In my wave of summer nostalgia, I realized I wanted to experience summer (and the rest of the seasons for that matter) rather than each season just serving as a signpost for which outdoor gear to haul out of the closet. As a dedicated type A person, I immediately came up with a plan which quickly turned into a project I called “100 Days of Summer with Five and Under”. I would have an epic summer with kids by planning everything. I pictured myself doing some social media post worthy summer activity each day and spending leisurely time blogging about it. My mind started racing. What if my blog posts went viral? What if the posts turned into a book? A movie? I could inspire parents all over the world. Then, two things happened. First, both of my kids caught a virus that resulted in several non photo worthy, sleep deprived nights for all involved. No problem. I thought, I can simply double up on fun summer activities for a few days and still get to one hundred. Second, I looked at my kids who sometimes answer my large life questions by just being themselves. As I was packing bags for an upcoming throwback family trip to the lake, my daughter repeatedly asked to go outside, and my son asked if we could set a day each week to go to the park. We never made it outside that day because I was too busy trying to make sure we had enough board games for rainy days and outdoor lawn games to have a good time on the next week. But, my children do not care about perfect or tomorrow. They are not counting one hundred days of summer or analyzing how many amazing things we do or do not do. They want to go outside, and when they get too hot, they will ask to add water which they will find delightful coming straight from the garden hose.

They do not need me to teach them how to have a carefree summer; they need me to remember what summer feels like to a child. The hot days meander along sometimes leading toward a goal and sometimes leading nowhere at all, but it does not matter because summer is not a countdown timer or a checklist. It is today, outside, a game of freeze tag, and a garden hose…handfuls of little, everyday moments bathed in unrushed sunshine.

So, maybe we will float on pool noodles in a backyard kiddie pool. Maybe we will read so many books that we forget lunch. Maybe one hot July day, when the sidewalk fries eggs, we will eat ice cream for breakfast. Maybe we will barrel roll down hills. Maybe we will run through the sprinkler where the grass gave up and make mud pies out of the pooling puddles. Maybe….possibly….potentially…  It is summer after all.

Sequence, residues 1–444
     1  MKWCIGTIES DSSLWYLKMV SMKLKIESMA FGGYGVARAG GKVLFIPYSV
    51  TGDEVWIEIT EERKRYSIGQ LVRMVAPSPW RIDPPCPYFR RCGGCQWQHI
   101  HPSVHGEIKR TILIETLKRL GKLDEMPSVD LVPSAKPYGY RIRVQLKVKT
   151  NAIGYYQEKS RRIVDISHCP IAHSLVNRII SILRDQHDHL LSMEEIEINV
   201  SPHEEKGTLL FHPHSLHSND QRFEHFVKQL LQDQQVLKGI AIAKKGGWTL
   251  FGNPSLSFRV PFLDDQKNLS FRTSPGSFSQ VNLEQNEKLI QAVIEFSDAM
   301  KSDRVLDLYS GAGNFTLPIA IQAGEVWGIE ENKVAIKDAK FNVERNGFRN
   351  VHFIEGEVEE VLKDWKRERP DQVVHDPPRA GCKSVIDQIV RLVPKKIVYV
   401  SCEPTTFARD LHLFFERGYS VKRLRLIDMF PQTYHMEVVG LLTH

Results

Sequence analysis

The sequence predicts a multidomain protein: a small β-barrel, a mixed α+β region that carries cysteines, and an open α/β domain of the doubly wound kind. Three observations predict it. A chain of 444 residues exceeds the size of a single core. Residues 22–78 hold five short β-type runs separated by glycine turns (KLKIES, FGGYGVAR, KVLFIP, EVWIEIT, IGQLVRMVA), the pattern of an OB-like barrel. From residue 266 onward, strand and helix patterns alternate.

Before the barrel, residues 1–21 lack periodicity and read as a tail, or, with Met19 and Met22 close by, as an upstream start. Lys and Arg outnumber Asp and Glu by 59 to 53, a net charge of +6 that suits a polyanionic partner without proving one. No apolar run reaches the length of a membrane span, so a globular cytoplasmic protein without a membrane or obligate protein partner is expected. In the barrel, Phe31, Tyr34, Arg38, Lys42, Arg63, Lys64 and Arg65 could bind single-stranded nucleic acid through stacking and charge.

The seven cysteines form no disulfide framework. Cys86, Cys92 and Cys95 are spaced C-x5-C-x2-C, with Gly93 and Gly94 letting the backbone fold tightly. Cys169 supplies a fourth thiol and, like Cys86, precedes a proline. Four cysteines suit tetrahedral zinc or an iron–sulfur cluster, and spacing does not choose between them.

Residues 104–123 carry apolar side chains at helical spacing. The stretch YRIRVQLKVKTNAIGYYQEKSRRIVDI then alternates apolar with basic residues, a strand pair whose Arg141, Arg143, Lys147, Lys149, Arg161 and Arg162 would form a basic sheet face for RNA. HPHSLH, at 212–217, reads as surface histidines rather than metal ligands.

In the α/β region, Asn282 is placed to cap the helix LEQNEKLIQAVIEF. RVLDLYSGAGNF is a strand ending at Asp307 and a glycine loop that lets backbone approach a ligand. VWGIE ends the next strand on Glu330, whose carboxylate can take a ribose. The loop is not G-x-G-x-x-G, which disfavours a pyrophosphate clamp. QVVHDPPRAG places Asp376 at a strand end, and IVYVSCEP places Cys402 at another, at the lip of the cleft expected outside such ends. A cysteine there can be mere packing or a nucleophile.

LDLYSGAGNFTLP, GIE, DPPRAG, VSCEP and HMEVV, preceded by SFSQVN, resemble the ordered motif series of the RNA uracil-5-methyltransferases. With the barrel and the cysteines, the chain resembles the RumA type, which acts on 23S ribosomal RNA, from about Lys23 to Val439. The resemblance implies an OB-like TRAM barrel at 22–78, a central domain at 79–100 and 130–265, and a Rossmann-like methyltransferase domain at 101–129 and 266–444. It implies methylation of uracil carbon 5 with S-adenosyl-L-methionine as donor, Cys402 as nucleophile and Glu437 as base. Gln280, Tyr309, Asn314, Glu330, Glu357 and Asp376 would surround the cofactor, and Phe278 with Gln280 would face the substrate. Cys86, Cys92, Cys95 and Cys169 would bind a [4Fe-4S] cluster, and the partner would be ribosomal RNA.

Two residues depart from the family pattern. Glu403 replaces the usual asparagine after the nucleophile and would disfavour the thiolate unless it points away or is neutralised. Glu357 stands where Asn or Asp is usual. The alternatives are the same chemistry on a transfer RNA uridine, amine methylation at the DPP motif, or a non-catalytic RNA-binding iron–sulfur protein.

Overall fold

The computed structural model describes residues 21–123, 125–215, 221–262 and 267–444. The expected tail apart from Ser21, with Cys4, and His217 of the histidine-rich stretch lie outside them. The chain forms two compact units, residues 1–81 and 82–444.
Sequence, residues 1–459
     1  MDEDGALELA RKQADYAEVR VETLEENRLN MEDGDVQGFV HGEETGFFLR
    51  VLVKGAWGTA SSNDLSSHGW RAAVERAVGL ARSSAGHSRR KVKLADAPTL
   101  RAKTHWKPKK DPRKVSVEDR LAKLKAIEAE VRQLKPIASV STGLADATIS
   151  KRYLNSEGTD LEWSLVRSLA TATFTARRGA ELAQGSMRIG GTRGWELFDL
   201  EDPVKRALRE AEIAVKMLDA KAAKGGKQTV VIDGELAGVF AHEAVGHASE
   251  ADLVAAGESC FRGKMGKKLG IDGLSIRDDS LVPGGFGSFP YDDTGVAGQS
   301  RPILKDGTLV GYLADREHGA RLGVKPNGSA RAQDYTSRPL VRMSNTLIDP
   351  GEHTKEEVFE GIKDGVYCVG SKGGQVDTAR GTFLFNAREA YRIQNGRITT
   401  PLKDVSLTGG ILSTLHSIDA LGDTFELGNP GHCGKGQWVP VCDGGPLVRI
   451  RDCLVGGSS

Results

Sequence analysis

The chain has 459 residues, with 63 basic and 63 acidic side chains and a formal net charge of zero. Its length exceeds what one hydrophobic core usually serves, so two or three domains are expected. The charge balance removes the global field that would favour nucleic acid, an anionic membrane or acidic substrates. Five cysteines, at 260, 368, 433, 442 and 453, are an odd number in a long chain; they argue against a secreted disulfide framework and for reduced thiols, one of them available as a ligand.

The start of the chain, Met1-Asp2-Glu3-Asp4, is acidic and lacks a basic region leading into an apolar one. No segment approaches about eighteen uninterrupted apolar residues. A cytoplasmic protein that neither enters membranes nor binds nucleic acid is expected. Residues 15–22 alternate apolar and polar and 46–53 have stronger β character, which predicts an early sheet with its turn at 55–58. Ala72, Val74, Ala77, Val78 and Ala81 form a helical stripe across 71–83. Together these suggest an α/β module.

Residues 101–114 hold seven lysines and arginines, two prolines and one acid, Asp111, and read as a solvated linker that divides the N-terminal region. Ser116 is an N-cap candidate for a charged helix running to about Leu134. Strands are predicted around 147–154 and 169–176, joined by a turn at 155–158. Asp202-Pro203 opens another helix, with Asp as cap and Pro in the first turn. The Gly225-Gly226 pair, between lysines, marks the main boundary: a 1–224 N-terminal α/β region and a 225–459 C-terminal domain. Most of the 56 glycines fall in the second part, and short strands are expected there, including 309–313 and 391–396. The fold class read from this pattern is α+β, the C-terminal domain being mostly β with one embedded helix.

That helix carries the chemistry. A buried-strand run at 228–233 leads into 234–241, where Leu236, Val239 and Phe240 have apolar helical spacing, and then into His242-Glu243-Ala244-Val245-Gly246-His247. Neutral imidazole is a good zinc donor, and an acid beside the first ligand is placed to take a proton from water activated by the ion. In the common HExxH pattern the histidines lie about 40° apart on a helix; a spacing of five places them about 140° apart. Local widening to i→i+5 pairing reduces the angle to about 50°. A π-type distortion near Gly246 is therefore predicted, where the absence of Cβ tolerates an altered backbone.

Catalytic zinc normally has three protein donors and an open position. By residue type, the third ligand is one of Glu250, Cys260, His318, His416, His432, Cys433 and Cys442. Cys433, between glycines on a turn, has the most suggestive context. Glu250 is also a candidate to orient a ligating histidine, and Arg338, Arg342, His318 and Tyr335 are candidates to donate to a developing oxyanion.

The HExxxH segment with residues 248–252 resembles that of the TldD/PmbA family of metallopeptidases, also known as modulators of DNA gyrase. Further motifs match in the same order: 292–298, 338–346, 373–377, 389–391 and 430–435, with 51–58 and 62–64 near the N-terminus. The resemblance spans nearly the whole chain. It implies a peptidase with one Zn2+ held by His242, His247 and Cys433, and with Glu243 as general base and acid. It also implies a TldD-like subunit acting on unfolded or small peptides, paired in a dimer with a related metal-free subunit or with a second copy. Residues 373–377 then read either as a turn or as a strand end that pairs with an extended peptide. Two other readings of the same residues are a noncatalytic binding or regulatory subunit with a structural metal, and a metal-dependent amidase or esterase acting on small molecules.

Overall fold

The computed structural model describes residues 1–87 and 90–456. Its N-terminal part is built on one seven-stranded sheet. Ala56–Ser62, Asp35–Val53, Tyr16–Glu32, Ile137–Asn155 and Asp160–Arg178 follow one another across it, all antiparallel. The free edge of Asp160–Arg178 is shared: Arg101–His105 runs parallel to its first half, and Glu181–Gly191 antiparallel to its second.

Monkeys

Parenting is like signing up to become the live-in caretaker of an uninhabited, breathtakingly beautiful tropical island…full of dependent monkeys.  Wherever you go and whatever you do, you have to bring the monkeys with you.

Earlier this summer my husband and I sat in a pizza restaurant with members of our extended family including four children under the age of five.   The kids behaved reasonably.  No one threw food, screamed, or ran in circles around tables.  The adults only occasionally repeated age-old phrases like “use your inside voice”, and “keep your hands to yourself”.  Not to be outdone by the adults, the two four year-olds used age-old phrases of their own like, “I have to go potty.”  The babies used the sense of smell to communicate similar needs.

On my third trip to the bathroom I passed three young women sitting at a high table.  They looked unrushed and unfrazzled.  They wore made up faces and outfits that lacked the utility of needing to easily wipe clean of vomit while enabling nursing an infant in public without flashing anyone.  Small, cute purses occupied little spaces between them rather than backpacks of parenting in public survival gear.  While time ticked down at me counting seconds until someone needed something – hot pizza cut up, a crayon that fell on the floor, or a nursing session on my right side leaving me with laughable attempts to use a fork with my left hand, time seemed to count up for these ladies multiplying their enjoyment of the evening with each moment that passed.

From somewhere in my mind memories of girls’ trips and girls’ nights out flooded around me.  We took silly pictures on a rock wall overlooking the Pacific Ocean, had weekly “Dawson’s Creek” watching parties, went on midnight ice cream runs, and had secret water balloon fights (for which we were never caught) in the hallway of a dorm.  We had no monkeys.  In fact, we were the monkeys sometimes finding laughter, sometimes finding mischief, and oftentimes finding both.

Minutes earlier while holding our infant daughter in the aisle so I could give her to my husband while I went to the bathroom, an older lady from a nearby table spontaneously brought a handful of napkins and wiped baby spit-up off my shoulder.  She smiled, squeezed my shoulder, and told me she didn’t want the spit-up to get in my hair.  Perhaps her interaction with me flooded her with her own memories of holding sweet smelling babies and sticky hands.  This part of life, this crazy, beautiful, and exhausting island, sometimes plays out like an episode of “Survivor”, and sometimes it pauses with watercolor sunsets, swirling blue ocean waters, and the feel of the sand between my toes.  That evening, as my path crossed with generations of women reminding me of both my past and my future, I thought about monkeys and smiled.